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McGraw Hill Education
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McGraw Hill Education
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‘Can We Skip Lunch and Keep Writing?’ A (True) Classroom Fairy Tale

by Julie D. Ramsay
 | Mar 27, 2013
In today’s world, the topic of using technology in the classroom can be intimidating. In this monthly column, join one teacher on a quest to discover the best way to meet the needs of her digital-age learners…moving beyond the technology tools to focusing on supporting each student’s learning.

When you begin a writing project with your students, do they jump up and cheer? Or do they roll their eyes, sigh, and grumble? Ever wonder how some teachers inspire young authors to blossom while others fight off the weeds that choke their students’ desire to write? That is where our story begins…

There once was a teacher who felt like she dragged her students through writing projects and activities. They loved class, they loved learning, but they hated writing. She tried throwing in some technology projects, to pique their interest, but the students still resisted writing. Just like Christmas presents weeks later, the exciting newness of the technology lost its sparkle.

In addition to the weight of her students’ disinterest in writing, she faced an even bigger challenge. This teacher was feeling the dragon known as standardized testing breathing its hot, stinky breathe down her neck. She felt the pressure to get her students to perform for the standardized writing assessment. She loved her students and wanted what was best for them. She knew that giving them the gift of writing would open up new worlds and give each of them a voice. What could she do?

Her district promised her help from a writing fairy in the form of a consultant. With the direction of the consultant, hired for all of the English Language Arts teachers in the district, she began breaking down writing lessons into a pattern that her students could emulate. Even after following everything that she had learned, her students’ test scores were not improving. In her heart, she knew this was not teaching her students how to become writers. She recognized that they were much more capable, and she knew they deserved more than these pseudo-writing lessons.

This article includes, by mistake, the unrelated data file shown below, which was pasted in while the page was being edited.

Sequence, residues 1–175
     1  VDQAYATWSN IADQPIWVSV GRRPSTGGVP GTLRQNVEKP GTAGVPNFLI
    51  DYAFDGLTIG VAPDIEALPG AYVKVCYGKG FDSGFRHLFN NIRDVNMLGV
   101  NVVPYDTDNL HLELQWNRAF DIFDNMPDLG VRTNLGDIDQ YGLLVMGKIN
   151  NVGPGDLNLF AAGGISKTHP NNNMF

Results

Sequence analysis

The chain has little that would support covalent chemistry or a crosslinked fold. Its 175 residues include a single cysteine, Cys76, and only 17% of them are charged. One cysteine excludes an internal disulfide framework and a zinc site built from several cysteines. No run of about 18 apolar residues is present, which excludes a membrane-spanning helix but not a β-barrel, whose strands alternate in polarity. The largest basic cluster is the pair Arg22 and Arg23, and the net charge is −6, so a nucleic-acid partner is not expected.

“Enough!” she declared. “I will start from scratch and have my students help me find the secret recipe.”

Together they traversed through many paths searching for the way to making writing meaningful for the students. Although the dragon of standardized testing was still there, they continued on their quest focusing on what would help student learn and embrace the life of a writer in today’s digital world. There were many bumps along the road that taught them that learning from mistakes and challenges were just as important as finding the right path.

p: Enokson via photopin cc

In their pursuit, armed with optimism, they re-evaluated all of their old writing practices and perspectives. They tested, tried, challenged and reformed a new way of writing that created a community of voracious writers, writers armed with keyboards, digital tools, apps and tablets. These students were overwhelmed with joy when it was time to write in all of their classes. They had found the secret to sharing their voice in the world and exploring who they were as learners. In fact, they loved writing so much, they looked for new times to fit in writing projects by even begging their teacher, “Can we skip lunch and keep writing?”

These young writers and their teacher knew that they had found a way of writing that could not remain a secret. They knew they had a duty to share it with the world; it was their obligation to bring their secret to as many other people as possible so that many more learners could find their voices and impact their own learning and the learning of those around them.

Would you like to know the secret recipe for getting your students to love writing so much that they beg, “Can we skip lunch and keep writing?” The secret is yours for the taking.

Join me in San Antonio at IRA’s 58th Annual Convention on Sunday, April 21, from 3PM–4PM in Grand Hyatt, Lone Star Ballroom C. Come and hear about our journey, listen to our success stories, learn new teaching strategies, tools, and practices, and go home with the “secret” to getting your students to beg to keep writing.

Are you a fan of Plugged In? Come see Julie D. Ramsay present a session on collaborating in class and online at IRA’s 58th Annual Convention, April 19-22, 2013, in San Antonio, Texas.

Julie D. Ramsay is a Nationally Board Certified educator and the author of “CAN WE SKIP LUNCH AND KEEP WRITING?”: COLLABORATING IN CLASS & ONLINE, GRADES 3-8 (Stenhouse, 2011). She travels the country to speak, present, and facilitate workshops in applying technology to support authentic learning. Read her blog at juliedramsay.blogspot.com.

© 2013 Julie D. Ramsay. Please do not reproduce in any form, electronic or otherwise.

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